Steve Liss,  "" exhibit

© Steve Liss/

How generously people give to charities is influenced by where they live and how often they see people in need, a new study finds. And that has implications for photographers, and for non-profits who need compelling storytelling to help them raise money.

People earning between $50,000 and $99,999 a year give a higher percentage of their discretionary income to charities than people making over $200,000 do, a new study from the Chronicle of Philanthropy reports. The study notes that while rich people give more to charities in dollar amounts, they give a lower percentage of their disposable income than people who earn less.

That’s due to isolation, the study finds. People who live in wealthy enclaves (zip codes where more than 40 percent of households earn $200,000 a year or more) rarely encounter people who benefit from charitable programs; they also give a smaller portion of their income to charity. The study, which includes an interactive map showing how charitable giving breaks down by state and zip code, also shows that the rate of giving goes up among wealthy people who live in more economically diverse communities. (Because it based its report on tax returns that list tax-deductible donations, the study doesn’t distinguish between donations made to religious organizations, educational institutions, social programs or other non-profits.)  People who see neighbors relying on the local food pantry to make it through the month give more generously than those who never see the impact charitable organizations can have.

“Simply seeing someone in need at the grocery store—or looking down the street at a neighbor’s modest house—can serve as basic psychological reminders of the needs of other people,” says Paul Piff, a postdoctoral scholar in psychology at the University of California at Berkeley. Piff says the differences in attitude toward charitable giving dissolve when people are simply made aware of poverty. For example, he showed participants in his study a video about childhood poverty.

That means that charities have to do a better job of showing and telling the stories of their clients. Photographers seeking work from NGOs and foundations can use their ability to tell stories of communities–through stills, audio interviews or video—as a sales pitch. The Chronicle of Philanthropy’s study can also provide useful insights when photographers are negotiating fees for this kind of work:  In-depth stories from and about the community a charity serves can help the organization’s fund raising, potentially inspiring bigger donations from the people who have the greatest resources to share.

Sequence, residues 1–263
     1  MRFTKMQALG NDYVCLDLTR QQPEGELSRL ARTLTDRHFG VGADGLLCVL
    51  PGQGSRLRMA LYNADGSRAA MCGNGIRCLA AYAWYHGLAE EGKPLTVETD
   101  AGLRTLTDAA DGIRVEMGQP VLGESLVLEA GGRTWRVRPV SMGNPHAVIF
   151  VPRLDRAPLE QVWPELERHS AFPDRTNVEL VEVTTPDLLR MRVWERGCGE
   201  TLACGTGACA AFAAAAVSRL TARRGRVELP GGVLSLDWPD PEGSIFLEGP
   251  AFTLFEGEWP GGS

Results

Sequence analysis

As Piff says, “Absent that, wealth will have these egregious effects insulating you more and more.”

The fact is, it’s up to charities themselves to share these stories. Because the media rarely covers poverty.

In an article in the October issue of PDN, photographer Steve Liss explains that he and Jon Lowenstein started, a non-profit alliance of photojournalists determined “to use visual media raise awareness about poverty in the United States” after their stories about unemployment, homelessness, immigration, criminal justice and other issues affecting the poor were rejected by magazines. As Steve Liss succinctly tells PDN, “Poverty is poison.” has sought to fill that void by bringing its traveling exhibition to a variety of venues. These now include high schools: Thanks to a grant the organization received earlier this year, they are running workshops for student leaders and enlisting young people in discussions around poverty.

“We can make a difference,” says Liss. “I believe in my soul in the power of photography but we haven’t been showing it to the right people in the right venues.”

(For more on this study, see National Public Radio: Study Reveals the Geography of Charitable Giving)

     * Photo, above: Students at a high school in Rockville, Maryland view photos by Steve Liss and Eli Reed in an exhibit that student leaders mounted during a weeklong Student Leadership Program. © Steve Liss/





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